At the end of October, Die Junge Akademie held its Autumn Plenary Session at the Central European University (CEU) in Budapest. Only one day before, the CEU announced its move to Vienna.
In April 2017 Die Junge Akademie decided to hold its 2018 Autumn Plenary Session at Central European University (CEU) in Budapest – a small but strong signal of solidarity. This decision arose in response to a law proposed by the Hungarian government that threatened to greatly restrict academic freedom in Hungary in general and specifically challenged CEU’s legitimacy (press release of Die Junge Akademie from 30.03.2017). The 2018 Autumn Plenary Session took place at the end of October upon the invitation of Jan Hennings, Associate Professor in the Department of History at CEU and member of the Die Junge Akademie. Alumnus Carsten Schneider, Associate Professor in political science at CEU, offered the visiting members of Die Junge Akademie a tour of the university. The date for the Autumn Plenary Session, which had been decided during the summer of 2017, could not have been more aptly chosen. Precisely one day before the start of the plenary session, the leadership of CEU announced that CEU was to move to Vienna due to the fact that the agreement between the Hungarian government and the university was negotiated successfully, yet never signed by the Prime Minister. From September 2019, students intending to begin their studies at CEU will only be able to matriculate in Vienna. With every year, the campus in Budapest will become emptier. The decision to hold the plenary session at CEU as a signal of support was, and still is, clearly more necessary than ever before.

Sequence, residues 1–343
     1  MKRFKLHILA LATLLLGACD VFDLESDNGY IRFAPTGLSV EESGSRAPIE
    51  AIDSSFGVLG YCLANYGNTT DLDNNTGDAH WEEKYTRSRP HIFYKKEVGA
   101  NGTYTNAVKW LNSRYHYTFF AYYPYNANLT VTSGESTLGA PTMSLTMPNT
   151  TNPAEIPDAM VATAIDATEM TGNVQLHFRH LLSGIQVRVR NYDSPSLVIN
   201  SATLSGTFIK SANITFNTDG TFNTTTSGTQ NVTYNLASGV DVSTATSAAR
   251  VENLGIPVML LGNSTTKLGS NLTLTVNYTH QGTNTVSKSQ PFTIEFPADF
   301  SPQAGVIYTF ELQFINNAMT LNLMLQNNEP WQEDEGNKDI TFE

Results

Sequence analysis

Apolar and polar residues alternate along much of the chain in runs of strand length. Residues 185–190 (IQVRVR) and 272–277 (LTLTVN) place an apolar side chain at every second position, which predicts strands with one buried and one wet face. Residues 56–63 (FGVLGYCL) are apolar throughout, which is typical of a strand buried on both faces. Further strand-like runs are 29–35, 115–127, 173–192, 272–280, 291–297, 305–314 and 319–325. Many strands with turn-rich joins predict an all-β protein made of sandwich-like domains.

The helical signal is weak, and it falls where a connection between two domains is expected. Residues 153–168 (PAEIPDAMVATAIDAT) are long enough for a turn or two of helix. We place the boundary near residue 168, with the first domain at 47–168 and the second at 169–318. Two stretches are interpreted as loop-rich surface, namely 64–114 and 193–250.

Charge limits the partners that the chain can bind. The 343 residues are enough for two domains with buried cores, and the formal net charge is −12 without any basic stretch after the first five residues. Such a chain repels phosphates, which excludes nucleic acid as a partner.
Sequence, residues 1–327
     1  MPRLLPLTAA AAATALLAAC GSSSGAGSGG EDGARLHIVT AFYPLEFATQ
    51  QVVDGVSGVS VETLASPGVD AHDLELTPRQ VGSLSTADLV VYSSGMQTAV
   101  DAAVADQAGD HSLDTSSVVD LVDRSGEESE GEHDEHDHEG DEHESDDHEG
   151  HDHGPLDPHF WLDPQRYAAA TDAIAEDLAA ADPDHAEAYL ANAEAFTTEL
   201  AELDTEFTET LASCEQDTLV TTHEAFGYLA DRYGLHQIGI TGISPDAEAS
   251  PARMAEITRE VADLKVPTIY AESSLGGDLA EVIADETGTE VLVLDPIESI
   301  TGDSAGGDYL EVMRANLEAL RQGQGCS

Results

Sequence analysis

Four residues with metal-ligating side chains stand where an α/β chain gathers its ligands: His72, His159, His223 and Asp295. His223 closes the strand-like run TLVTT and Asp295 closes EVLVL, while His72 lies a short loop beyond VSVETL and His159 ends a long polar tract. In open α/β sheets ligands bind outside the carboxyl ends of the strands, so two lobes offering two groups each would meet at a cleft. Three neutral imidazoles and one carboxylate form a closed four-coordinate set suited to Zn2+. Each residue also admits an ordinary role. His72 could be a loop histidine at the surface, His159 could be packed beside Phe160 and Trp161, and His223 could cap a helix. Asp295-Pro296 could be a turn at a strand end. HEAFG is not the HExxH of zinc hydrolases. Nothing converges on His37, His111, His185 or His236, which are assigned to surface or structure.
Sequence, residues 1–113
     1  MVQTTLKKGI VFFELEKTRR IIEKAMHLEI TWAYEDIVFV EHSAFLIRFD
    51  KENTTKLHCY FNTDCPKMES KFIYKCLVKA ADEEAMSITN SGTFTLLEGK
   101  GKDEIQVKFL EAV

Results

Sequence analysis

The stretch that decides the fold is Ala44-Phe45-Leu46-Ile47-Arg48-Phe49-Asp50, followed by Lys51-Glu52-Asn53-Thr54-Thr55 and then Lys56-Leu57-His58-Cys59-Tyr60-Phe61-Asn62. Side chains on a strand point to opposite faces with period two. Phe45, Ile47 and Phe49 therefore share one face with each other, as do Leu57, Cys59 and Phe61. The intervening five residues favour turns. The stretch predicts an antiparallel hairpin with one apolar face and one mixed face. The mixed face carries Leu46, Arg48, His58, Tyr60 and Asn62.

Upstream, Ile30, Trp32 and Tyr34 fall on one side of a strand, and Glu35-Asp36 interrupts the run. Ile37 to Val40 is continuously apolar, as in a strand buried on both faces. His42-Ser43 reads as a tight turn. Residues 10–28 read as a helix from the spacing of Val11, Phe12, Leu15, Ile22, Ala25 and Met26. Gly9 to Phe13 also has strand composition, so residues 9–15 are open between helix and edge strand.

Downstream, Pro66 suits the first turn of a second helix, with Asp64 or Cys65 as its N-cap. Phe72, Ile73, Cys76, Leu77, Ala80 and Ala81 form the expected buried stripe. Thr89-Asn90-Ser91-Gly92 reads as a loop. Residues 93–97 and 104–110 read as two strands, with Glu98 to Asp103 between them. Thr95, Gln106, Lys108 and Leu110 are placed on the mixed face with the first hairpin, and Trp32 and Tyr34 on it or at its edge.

The opening speech of the plenary session was given on 26 October 2018 by Michael Ignatieff, Rector of CEU, against the backdrop of the current developments. In his speech, he welcomed the visiting members of Die Junge Akademie and thanked them for their support. In his conversation with the members, Ignatieff made unmistakably clear the changes currently underway in Hungary, both in the world of academia as well as in many other aspects of society.
These changes are also having a great impact on the Hungarian Academy of Sciences, which has come under intense political pressure. In light of these events, Die Junge Akademie organized a dinner on the first evening of the plenary session with the President of the Hungarian Academy, who spoke with members of Die Junge Akademie about the academic landscape in Hungary. Die Junge Akademie will continue to keep a close eye on developments in Hungary over the coming months and years.
With regard to the content of the plenary session, the members dealt with topics such as ‘The system of incentives in German academia’. The occasion also witnessed the founding of a new research group on ‘Cultures of Debates’. After the successful publication in mid-October of Die Junge Akademie Magazine on the topic of academic freedom, a new editorial team was formed during the plenary session to coordinate the publication of the next issue on a new topic. In addition to the discussions on the workings of Die Junge Akademie, members also had the opportunity to provide insight into their own research questions during a poster session. No plenary session would be complete without a presentation by a member of Die Junge Akademie, and on this occasion, Board member Bernadett Weinzierl, astrophysicist at the University of Vienna, reported on her work with aerosols.
Overall, the three days of the plenary session had a very positive outcome. The decision to hold the Autumn Plenary Session at CEU was an important signal of support that underscored Die Junge Akademie’s engagement with the issue of academic freedom. The session also made clear once again how important direct exchanges are for interdisciplinary work. Planning for the next plenary session is already underway: The Spring Plenary Session will be held at the National Academy of Sciences Leopoldina in Halle, where Die Junge Akademie will be hosted by one of its sponsoring academies.